Compared to functional “imaging” techniques, which require the patient to move from their bed, which involves a not negligible risk of artifacts in an extraneous environment, especially in patients with less severe impairment of consciousness, “quantitative” EEG analysis techniques have advantages, and often require only easy/basic post-processing. Taking into account that the development of resuscitation techniques in recent years has led to an increase in subjects with severe brain injuries who survive an acute event, the possibility of reaching a consensus on “quantitatively, scoring “circadian” EEG changes would seem fundamental and applicable in “peripheral” hospitals.

This short review included information on the application of EEG at a patient's bedside to increase awareness of the limitations affecting its use, mostly because already existing scores are inconsistently applied or the use of EEG is insufficient. The pitfalls of EEG do not stem from a lack of new methods but from the insufficient homogeneous application of existing methods of evaluating EEG signals both by visual inspection (with a homogeneous style in recording and scoring) and the “advanced” techniques already available, that need to be made more user friendly and validated by a large number analytical techniques.

Although there are excellent reviews, some of which are cited in this text, and many multi-center studies, the importance of DOC in the fields of health and rehabilitation mean that it requires an international consensus. This is needed to be able in regulating the inspective EEG methods, contributing to the “basic” homogeneous evaluation in various centers, both for dedicated centers and for intervention and treatment units present in the territory.

Among various interpretations of the network defects leading to defective consciousness, one of the most explored is the “integrated Information theory” (IITC) (43), which is suitable for predicting markedly reduced states of consciousness, based on neurophysiological and imaging data. The IITC approach, however, represents a very interesting method but is still far from being applied at a patient's bedside.

The many types of post-elaboration procedures show relevant promise for assessments based on quantitative information in clinical settings in the future. Entropy algorithms most likely have the best chance of being applied in individual subjects as well as in population studies, since it is intuitive and potentially user-friendly.

It is more difficult to propose the application of connectivity analysis for extensive use in the near future. This study technique has the advantage of providing precise information on neuronal networks, quantifying damage to them. They are also the most effective method of understanding the extent and type of functional defect but require relevant post-processing. Like other methods of EEG analysis, further extensive studies are required and there needs to be more consistent consensus between different study groups on specific applications depending on patient subsets, including detailed comparisons of different techniques using real as well as simulated signals.

Author Contributions

SF and DR reviewed the personal data and drafted the paper. GV performed the connectivity analysis and reviewed related literature. DS performed the clinical evaluation of the patients included in the EEG analyses and reviewed the related literature. All authors contributed to the article and approved the submitted version.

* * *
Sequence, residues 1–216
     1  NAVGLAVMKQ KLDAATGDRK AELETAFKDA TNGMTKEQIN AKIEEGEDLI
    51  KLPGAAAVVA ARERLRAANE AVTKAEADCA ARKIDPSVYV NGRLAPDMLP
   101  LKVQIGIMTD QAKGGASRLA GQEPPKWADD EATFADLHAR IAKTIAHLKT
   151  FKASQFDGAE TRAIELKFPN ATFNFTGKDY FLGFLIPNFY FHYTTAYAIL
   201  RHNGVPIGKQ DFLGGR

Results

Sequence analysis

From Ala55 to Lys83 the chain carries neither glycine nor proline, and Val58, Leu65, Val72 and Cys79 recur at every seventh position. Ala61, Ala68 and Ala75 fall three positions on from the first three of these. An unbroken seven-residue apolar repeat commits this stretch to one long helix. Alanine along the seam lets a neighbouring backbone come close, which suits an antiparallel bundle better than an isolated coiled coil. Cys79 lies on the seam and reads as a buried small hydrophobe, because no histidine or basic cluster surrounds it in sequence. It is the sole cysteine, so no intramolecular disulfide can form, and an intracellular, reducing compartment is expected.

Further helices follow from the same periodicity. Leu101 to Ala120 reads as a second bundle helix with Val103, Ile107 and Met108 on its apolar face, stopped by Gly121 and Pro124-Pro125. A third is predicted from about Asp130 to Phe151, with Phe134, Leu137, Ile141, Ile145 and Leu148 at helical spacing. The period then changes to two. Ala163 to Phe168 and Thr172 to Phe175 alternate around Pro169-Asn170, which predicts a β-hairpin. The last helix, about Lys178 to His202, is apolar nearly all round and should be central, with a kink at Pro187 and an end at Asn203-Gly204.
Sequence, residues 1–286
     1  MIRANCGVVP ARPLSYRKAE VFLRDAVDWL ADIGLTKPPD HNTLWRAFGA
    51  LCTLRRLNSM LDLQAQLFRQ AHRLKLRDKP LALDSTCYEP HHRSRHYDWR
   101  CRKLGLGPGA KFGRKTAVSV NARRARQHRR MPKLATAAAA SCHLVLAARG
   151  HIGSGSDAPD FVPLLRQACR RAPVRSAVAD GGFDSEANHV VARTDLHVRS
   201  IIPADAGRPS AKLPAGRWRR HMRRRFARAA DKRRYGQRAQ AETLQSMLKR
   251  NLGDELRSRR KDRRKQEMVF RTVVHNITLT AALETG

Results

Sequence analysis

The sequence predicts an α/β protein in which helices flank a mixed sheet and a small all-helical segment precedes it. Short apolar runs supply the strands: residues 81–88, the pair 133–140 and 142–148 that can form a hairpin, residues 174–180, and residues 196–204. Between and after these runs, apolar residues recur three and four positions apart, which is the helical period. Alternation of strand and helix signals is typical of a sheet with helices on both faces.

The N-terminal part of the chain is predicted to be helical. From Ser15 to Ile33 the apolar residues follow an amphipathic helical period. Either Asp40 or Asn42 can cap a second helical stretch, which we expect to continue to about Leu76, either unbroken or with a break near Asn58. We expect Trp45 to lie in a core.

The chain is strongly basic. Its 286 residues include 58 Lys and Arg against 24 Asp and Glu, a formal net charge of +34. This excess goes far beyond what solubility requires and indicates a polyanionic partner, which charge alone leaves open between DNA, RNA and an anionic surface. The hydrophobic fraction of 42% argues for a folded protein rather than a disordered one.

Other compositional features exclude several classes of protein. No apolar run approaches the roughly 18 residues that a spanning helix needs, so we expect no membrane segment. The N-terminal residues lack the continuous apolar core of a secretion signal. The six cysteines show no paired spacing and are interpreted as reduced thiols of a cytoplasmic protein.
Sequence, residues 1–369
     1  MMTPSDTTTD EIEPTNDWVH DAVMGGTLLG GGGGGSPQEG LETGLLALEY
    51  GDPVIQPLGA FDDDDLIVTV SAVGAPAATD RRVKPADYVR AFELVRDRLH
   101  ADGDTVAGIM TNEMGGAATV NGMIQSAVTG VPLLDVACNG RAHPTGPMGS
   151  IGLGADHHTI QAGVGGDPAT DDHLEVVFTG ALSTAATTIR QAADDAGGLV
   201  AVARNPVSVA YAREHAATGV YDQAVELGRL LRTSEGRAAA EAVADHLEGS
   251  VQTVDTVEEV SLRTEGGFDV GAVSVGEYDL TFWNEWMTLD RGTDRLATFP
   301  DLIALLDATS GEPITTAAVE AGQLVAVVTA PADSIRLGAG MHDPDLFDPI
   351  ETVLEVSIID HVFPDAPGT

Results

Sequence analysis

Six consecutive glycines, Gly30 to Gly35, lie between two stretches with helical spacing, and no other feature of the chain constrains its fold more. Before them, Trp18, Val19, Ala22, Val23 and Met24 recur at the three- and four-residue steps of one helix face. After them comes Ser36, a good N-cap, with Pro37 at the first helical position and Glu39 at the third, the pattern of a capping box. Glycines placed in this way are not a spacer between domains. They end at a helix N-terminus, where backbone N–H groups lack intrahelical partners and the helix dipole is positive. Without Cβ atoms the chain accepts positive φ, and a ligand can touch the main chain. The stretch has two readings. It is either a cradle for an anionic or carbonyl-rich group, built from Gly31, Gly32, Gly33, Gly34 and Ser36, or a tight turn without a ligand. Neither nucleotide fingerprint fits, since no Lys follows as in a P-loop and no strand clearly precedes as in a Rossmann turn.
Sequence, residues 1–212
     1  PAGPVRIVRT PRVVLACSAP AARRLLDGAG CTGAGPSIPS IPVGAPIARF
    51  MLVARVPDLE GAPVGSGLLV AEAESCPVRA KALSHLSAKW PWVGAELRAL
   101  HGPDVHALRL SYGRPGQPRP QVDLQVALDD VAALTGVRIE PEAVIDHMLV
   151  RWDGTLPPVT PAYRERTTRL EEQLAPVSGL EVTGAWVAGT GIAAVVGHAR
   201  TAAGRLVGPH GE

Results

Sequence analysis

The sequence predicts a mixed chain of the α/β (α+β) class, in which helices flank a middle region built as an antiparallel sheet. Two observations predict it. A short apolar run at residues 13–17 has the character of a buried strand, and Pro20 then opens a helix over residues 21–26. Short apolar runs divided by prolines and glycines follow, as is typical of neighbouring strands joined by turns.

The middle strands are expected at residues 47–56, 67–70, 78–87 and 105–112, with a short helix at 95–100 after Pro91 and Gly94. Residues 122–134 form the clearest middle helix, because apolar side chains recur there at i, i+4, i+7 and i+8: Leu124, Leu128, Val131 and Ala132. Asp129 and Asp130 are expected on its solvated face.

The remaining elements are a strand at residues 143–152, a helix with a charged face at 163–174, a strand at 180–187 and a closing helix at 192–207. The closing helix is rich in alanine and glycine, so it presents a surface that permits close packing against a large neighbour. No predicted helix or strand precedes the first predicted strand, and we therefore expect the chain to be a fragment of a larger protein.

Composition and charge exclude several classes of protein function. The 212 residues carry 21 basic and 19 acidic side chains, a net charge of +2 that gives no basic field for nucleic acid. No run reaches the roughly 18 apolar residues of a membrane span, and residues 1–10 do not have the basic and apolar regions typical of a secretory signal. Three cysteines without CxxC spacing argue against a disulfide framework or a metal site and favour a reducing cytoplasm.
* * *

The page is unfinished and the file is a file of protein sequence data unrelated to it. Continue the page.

Funding

This review did not receive any specific grant from funding agencies in the commercial or not-for-profit sectors, but the authors acknowledge the financial support for research by the Italian Ministero della Salute for a Pilot Study on sleep pathologies treatments in patients with Vegetative and Minimally Conscious State diagnosis for improving Consciousness level: Grant Number: GR-2016-02365049.

Conflict of Interest

The authors declare that the research was conducted in the absence of any commercial or financial relationships that could be construed as a potential conflict of interest.

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Keywords: disorder of consciousness, quantitative EEG analysis, EEG-connectivity, sleep, coma—rehabilitation

Citation: Rossi Sebastiano D, Varotto G, Sattin D and Franceschetti S (2021) EEG Assessment in Patients With Disorders of Consciousness: Aims, Advantages, Limits, and Pitfalls. Front. Neurol. 12:649849. doi: 10.3389/fneur.2021.649849

Received: 05 January 2021; Accepted: 19 February 2021;
Published: 01 April 2021.

Edited by:

Alessandro Pincherle, Hopitaux Robert Schuman, Luxembourg

Reviewed by:

Francesco Riganello, Sant'Anna Crotone Institute, Italy
Carlo Cavaliere, Institute of Research and Medical Care (IRCCS) SDN, Italy

Copyright © 2021 Rossi Sebastiano, Varotto, Sattin and Franceschetti. This is an open-access article distributed under the terms of the Creative Commons Attribution License (CC BY). The use, distribution or reproduction in other forums is permitted, provided the original author(s) and the copyright owner(s) are credited and that the original publication in this journal is cited, in accordance with accepted academic practice. No use, distribution or reproduction is permitted which does not comply with these terms.

*Correspondence: Silvana Franceschetti, silvana.franceschetti@istituto-besta.it